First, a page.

Alternatively, such a person could be charged with an offence of dealing in the proceeds of crime under Division 400 of the Criminal Code. The penalties for those offences differ according to the level of fault and the value of the proceeds. Where a person is reckless as to the fact that the money or property is proceeds of crime, or the fact that there is a risk that it will become an instrument of crime, the maximum penalties range from imprisonment for six months for dealing with proceeds of less than $1000 up to imprisonment for 12 years for dealing with proceeds of more than $1 million. The issue would be whether these penalties are considered adequate when compared to those that could be imposed for conducting a business involving servitude (20 years imprisonment for an aggravated offence, otherwise 15 years) or forced labour (12 years imprisonment for an aggravated offence, otherwise nine years).
A possible approach could be the introduction of an offence of benefitting from trafficking or slavery along the lines of what the United States has enacted. Section 1593A of the United States Code provides that:
Whoever knowingly benefits, financially or by receiving anything of value, from participation in a venture which has engaged in any act in violation of section 1581(a), 1592, or 1595(a), knowing or in reckless disregard of the fact that the venture has engaged in such violation, shall be fined under this title or imprisoned in the same manner as a completed violation of such section.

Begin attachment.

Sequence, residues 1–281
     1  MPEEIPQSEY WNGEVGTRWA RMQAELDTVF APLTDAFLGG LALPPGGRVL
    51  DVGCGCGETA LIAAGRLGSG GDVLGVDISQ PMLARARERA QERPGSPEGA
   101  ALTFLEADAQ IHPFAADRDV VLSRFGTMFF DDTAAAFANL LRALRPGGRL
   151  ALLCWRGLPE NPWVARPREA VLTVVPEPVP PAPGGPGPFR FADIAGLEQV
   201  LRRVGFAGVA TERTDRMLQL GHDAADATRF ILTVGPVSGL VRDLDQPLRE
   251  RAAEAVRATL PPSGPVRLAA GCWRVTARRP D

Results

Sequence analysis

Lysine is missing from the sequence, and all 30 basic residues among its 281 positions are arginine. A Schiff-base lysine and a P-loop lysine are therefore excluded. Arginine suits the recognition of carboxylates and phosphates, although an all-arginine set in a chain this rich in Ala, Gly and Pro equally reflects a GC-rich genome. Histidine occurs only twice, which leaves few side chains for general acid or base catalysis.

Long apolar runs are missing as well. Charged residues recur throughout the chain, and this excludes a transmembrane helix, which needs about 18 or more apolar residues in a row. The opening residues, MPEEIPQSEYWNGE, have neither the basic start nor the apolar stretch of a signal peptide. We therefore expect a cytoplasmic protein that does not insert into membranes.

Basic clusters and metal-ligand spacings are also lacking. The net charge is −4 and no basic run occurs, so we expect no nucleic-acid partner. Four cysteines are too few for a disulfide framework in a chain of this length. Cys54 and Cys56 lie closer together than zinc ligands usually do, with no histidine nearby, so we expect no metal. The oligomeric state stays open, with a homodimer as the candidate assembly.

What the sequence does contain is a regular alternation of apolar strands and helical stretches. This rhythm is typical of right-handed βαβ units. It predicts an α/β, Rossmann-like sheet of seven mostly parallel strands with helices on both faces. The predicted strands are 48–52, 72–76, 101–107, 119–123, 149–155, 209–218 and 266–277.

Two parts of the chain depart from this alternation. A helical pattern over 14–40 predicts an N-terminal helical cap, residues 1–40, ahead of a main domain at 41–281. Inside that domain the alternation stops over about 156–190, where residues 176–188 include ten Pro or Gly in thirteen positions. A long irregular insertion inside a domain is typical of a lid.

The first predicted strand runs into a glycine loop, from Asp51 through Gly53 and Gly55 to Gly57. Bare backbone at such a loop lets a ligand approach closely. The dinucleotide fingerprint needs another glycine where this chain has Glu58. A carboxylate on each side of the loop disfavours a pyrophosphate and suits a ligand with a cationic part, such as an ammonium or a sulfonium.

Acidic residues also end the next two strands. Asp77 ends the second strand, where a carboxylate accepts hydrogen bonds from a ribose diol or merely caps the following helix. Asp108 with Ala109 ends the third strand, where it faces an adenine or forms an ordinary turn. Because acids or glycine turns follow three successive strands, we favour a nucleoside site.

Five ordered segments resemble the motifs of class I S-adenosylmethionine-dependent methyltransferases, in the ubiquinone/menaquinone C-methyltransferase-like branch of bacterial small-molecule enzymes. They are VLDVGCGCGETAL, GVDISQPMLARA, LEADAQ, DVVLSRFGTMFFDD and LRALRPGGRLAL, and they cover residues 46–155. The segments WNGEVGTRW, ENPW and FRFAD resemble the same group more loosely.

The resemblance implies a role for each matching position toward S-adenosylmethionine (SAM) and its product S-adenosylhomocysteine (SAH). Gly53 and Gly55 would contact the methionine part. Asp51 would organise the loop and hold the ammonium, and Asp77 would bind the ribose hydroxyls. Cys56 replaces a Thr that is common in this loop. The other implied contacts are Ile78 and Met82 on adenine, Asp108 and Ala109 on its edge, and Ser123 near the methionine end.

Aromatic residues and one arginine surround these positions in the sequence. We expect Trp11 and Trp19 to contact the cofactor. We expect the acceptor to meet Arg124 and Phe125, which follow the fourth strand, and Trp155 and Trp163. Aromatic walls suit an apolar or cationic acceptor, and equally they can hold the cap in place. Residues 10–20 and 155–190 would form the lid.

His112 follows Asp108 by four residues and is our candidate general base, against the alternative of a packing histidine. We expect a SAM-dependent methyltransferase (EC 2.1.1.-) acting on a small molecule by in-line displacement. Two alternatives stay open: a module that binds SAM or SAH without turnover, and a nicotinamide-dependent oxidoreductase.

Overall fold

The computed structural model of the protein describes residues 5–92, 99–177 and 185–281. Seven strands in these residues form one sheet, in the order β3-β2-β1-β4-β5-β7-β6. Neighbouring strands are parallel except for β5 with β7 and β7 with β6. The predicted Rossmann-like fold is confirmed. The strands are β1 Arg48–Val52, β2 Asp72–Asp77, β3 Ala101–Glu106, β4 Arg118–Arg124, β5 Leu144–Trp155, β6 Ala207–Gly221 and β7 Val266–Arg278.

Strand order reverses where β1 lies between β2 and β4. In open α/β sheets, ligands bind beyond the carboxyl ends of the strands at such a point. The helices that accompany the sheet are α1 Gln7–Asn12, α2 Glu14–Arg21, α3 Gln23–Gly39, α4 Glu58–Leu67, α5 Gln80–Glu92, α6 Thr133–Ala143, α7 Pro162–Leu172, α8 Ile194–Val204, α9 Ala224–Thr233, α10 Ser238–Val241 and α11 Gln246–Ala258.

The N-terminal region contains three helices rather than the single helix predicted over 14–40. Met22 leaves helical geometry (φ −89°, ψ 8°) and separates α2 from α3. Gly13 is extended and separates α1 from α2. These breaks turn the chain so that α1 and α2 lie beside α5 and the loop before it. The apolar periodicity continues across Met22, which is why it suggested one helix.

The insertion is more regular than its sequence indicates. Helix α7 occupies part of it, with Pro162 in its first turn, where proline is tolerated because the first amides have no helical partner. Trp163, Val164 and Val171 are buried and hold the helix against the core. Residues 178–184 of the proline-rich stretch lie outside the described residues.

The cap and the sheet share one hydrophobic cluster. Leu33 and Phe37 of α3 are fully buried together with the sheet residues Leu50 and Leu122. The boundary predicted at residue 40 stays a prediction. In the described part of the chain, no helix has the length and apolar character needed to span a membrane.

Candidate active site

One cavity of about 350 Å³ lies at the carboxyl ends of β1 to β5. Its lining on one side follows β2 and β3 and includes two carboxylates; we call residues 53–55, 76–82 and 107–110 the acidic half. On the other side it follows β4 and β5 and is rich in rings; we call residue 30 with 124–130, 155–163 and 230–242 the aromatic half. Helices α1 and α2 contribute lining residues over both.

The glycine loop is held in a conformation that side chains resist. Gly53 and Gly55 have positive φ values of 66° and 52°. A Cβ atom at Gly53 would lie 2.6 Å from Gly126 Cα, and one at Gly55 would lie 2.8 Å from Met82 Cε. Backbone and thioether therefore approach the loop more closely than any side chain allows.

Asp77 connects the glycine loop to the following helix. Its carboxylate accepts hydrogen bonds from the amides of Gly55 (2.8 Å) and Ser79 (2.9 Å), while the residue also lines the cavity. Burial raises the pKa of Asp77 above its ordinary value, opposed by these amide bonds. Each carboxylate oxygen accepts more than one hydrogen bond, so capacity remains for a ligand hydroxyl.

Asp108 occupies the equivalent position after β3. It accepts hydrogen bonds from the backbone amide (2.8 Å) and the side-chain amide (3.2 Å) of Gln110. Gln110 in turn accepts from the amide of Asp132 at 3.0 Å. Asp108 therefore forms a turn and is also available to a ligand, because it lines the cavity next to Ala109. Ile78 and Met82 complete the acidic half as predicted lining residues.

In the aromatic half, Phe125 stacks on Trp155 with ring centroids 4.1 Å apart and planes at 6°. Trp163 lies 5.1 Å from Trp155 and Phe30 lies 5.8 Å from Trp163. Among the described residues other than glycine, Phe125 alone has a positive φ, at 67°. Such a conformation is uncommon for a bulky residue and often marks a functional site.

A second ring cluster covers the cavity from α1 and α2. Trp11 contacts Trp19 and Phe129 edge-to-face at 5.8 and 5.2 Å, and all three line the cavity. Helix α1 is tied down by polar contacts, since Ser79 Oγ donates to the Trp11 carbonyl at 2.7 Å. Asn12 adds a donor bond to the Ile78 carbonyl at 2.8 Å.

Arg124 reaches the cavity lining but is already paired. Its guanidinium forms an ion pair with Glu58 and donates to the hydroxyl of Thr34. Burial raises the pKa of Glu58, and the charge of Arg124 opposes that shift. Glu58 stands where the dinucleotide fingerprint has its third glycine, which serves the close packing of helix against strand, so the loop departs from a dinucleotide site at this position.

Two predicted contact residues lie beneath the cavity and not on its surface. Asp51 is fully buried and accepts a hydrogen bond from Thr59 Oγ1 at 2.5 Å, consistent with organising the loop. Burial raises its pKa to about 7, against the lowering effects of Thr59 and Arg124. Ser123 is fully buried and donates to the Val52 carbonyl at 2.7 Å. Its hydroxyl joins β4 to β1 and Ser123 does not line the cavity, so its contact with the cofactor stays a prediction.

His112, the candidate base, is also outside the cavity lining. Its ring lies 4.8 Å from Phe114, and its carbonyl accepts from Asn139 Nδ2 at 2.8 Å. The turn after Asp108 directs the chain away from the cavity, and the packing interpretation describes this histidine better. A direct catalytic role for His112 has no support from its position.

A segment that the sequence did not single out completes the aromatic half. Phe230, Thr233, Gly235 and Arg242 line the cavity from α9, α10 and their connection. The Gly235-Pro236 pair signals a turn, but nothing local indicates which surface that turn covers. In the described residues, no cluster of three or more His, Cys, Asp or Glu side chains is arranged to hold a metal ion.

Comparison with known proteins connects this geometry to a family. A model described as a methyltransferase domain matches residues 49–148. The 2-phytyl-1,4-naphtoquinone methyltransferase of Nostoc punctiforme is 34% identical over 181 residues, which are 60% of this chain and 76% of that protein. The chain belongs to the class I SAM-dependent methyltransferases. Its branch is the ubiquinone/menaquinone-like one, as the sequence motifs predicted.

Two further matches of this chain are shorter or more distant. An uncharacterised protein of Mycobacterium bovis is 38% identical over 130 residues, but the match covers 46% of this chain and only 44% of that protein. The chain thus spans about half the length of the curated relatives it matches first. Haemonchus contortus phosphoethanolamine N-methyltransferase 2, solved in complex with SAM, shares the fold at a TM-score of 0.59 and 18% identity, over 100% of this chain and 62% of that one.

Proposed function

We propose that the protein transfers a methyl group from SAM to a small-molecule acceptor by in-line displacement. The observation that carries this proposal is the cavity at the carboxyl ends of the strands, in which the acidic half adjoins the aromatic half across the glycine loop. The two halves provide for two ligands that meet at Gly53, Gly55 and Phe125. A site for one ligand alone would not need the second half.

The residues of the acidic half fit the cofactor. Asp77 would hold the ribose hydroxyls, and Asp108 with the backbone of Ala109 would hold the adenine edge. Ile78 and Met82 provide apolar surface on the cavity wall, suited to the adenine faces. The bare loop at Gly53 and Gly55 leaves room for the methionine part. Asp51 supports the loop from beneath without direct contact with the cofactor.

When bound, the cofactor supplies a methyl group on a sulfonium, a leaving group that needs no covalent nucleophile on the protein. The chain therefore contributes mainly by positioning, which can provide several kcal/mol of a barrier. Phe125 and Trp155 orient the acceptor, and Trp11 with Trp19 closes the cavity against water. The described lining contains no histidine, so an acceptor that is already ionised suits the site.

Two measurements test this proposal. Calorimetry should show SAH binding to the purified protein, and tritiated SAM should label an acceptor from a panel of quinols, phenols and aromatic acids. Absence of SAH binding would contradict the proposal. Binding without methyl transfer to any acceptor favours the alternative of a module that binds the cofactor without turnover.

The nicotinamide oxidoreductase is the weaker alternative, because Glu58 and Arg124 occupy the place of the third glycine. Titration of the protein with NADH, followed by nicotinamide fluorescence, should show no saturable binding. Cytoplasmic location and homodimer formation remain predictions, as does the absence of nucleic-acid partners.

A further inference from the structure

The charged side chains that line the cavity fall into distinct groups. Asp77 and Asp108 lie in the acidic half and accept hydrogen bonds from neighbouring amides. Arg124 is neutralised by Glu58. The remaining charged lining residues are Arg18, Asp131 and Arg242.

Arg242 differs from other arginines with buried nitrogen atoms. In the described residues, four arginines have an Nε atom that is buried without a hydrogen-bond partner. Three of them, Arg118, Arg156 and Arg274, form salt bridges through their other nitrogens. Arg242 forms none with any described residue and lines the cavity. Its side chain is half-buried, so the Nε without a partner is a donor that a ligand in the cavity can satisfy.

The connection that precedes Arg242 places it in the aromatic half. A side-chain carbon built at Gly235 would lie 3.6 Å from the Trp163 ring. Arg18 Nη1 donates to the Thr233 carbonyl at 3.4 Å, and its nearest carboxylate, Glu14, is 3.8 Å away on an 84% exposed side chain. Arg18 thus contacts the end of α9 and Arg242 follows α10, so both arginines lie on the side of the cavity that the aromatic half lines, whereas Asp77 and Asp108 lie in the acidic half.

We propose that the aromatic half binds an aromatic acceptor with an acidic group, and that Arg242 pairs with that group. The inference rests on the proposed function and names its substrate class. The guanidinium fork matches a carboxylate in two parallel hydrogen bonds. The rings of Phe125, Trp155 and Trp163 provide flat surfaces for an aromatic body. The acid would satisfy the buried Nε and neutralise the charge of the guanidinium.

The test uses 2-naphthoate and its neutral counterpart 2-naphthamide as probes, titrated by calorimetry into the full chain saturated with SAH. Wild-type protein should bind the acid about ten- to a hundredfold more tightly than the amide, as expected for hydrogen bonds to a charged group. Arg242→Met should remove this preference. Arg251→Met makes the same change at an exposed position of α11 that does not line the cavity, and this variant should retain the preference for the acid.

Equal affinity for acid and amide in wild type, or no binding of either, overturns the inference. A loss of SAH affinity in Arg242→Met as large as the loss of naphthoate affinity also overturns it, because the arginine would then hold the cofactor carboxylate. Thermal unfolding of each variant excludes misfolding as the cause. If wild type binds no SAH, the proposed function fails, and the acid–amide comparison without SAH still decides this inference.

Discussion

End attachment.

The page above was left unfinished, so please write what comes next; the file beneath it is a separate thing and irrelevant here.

This approach would be consistent with the offence in Division 272 of the Criminal Code of benefitting from child sex tourism. Section 272.18 provides that a person commits an offence if he or she engages in conduct with the intention of benefitting from an offence against Division 272, where the conduct is reasonably capable of resulting in the person benefitting from such an offence.
In its 2010 report on its inquiry into people trafficking for sex work, the Victorian Drugs and Crime Prevention Committee recommended that intentionally, knowingly or recklessly obtaining sexual services from trafficked women be criminalised in that state. In its response to the report, the Victorian Government supported the recommendation in part, arguing that obtaining the services of a trafficked sex worker would be covered by existing offences such as rape or indecent assault if the client was aware of the risk of the worker’s lack of consent ‘due to force, fear of force or other harm or unlawful detention’.
Some stakeholders have called for the introduction of an equivalent offence at the Commonwealth level. Scarlet Alliance has expressed strong opposition to introduction of such an offence, arguing that it would have no material impact on the extent of sex trafficking and that similar laws in Sweden have harmed sex workers. However, it should be noted that the Swedish law criminalises the purchase of sexual services outright, not only where the person providing the service has been trafficked. The trafficking discussion paper stated that:
While there is merit in the offence proposed by Victoria, were the Commonwealth to enact an offence of this type – that is, on which liability would be transferred to third parties – it would need to do so in respect of both sex and other forms of exploitation including forced labour.
While sexual services are provided directly by a particular individual, that would not be the case with all forms of forced labour. This does not necessarily mean a broader offence should not be considered. However, it could make framing a suitable offence applicable to all forms of forced labour, without criminalising too broad a range of conduct, a difficult and complex task.
Schedule 1 – Criminal Code amendments